random notes 1
matthew's and hutton's natural means of competitive selection(survival,preservation etc) can be formulated in either the pattern or design sense as in natural selection and artificial selection. Comment on the Richard Dawkins entry and specifically on his new speak with non-random, where he doesn't mean non-random as an antonym to random.
NOte especially the Wikipedia epicureans continual refusal to allow a non-random wikipedia page. If you look at the other pages such as clustering illusion, it is clear the epicureans use non-random in the directed,volition, pattern with a purpose(design) sense.
They are engaging in language terrorism, New speak, mangling ideas.
The genesis of Newspeak can be found in the constructed language Basic English, which Orwell promoted from 1942 to 1944 before emphatically rejecting it in his essay "Politics and the English Language". In this paper he laments the quality of the English of his day, citing examples of dying metaphors, pretentious diction or rhetoric, and meaningless words(Meaningless sentence) – all of which contribute to fuzzy ideas and a lack of logical thinking. Towards the end of this essay, having argued his case, Orwell muses: “ I said earlier that the decadence of our language is probably curable. Those who deny this would argue, if they produced an argument at all, that language merely reflects existing social conditions, and that we cannot influence its development by any direct tinkering with words or constructions.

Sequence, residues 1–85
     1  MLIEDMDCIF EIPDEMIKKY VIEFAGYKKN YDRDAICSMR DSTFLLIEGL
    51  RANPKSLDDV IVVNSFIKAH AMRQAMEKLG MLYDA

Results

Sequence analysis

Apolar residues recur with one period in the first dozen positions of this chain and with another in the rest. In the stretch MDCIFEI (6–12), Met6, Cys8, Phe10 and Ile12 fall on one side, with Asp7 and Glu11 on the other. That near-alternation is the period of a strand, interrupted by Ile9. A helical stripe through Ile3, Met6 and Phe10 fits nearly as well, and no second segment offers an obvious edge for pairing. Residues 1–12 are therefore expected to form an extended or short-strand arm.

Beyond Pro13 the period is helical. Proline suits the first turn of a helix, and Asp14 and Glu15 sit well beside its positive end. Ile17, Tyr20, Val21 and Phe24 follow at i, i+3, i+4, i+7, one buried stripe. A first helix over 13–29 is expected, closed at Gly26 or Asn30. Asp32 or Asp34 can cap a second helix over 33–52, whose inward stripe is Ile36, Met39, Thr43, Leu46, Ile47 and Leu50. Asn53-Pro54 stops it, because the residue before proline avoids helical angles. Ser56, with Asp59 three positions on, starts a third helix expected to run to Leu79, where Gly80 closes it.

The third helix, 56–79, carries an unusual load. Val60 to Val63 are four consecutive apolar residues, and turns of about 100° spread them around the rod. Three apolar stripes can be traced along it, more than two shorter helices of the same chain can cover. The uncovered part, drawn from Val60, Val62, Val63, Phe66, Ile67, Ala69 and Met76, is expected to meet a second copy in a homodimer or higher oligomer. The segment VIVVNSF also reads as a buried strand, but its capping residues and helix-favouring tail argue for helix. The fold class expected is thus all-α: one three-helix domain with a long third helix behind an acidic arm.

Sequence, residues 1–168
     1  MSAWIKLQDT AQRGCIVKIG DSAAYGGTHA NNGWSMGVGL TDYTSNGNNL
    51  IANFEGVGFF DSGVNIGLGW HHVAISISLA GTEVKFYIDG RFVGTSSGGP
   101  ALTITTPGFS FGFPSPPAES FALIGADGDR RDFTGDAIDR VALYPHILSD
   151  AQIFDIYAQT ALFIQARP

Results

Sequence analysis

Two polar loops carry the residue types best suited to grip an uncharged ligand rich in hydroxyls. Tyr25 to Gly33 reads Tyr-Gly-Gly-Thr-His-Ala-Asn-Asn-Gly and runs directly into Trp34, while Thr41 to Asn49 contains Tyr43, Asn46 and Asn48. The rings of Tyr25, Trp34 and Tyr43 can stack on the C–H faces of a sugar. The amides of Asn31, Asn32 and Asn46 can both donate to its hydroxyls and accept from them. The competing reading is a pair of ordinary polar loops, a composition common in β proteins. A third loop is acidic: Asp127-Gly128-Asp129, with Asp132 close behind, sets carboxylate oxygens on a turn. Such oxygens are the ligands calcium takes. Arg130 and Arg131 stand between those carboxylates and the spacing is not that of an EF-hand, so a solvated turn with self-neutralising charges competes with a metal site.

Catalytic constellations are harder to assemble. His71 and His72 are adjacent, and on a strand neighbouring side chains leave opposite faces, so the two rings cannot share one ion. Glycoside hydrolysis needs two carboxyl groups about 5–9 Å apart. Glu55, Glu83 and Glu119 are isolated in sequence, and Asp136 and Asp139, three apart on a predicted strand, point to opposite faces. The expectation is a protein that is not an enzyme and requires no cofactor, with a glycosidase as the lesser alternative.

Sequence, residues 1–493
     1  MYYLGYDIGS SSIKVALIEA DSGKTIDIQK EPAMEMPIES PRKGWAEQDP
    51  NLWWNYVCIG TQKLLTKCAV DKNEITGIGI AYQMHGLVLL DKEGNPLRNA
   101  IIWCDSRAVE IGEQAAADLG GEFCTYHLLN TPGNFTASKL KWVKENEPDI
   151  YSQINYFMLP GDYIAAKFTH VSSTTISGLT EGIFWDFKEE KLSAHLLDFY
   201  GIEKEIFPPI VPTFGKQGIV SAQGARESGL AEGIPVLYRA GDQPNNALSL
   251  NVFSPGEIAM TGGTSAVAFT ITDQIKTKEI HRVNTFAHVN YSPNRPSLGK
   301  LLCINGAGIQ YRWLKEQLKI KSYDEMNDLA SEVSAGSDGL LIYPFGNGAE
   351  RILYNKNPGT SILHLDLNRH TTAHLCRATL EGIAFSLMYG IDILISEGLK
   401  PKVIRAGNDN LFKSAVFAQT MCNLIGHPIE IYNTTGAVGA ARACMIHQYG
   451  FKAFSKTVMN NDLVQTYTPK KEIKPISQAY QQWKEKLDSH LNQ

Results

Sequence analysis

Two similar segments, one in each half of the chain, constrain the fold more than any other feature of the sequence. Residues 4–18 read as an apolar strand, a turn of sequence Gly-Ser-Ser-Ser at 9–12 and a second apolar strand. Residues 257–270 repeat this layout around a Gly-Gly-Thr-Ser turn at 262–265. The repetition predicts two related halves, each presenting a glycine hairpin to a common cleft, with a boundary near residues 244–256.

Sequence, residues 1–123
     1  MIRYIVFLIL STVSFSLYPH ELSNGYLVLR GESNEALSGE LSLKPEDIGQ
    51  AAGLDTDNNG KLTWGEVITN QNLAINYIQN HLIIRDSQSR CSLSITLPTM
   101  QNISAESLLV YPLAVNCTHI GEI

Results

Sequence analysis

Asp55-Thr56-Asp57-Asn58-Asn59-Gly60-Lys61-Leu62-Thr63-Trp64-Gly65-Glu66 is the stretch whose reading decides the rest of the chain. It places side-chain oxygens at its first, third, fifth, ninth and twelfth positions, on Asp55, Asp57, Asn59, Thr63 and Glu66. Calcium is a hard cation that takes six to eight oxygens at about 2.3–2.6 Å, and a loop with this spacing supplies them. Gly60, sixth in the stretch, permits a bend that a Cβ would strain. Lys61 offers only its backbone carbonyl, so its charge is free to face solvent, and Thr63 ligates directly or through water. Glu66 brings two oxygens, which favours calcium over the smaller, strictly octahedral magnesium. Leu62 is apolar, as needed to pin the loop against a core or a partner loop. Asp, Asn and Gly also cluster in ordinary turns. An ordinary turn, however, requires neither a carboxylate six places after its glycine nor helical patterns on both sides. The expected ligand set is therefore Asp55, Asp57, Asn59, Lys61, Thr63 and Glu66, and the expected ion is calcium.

Each of these passages has faults of its own, but, quite apart from avoidable ugliness, two qualities are common to all of them. The first is staleness of imagery; the other is lack of precision. The writer either has a meaning and cannot express it, or he inadvertently says something else, or he is almost indifferent as to whether his words mean anything or not. This mixture of vagueness and sheer incompetence is the most marked characteristic of modern English prose, and especially of any kind of political writing. As soon as certain topics are raised, the concrete melts into the abstract and no one seems able to think of turns of speech that are not hackneyed: prose consists less and less of words chosen for the sake of their meaning, and more and more of phrases tacked together like the sections of a prefabricated hen-house. I list below, with notes and examples, various of the tricks by means of which the work of prose-construction is habitually dodged.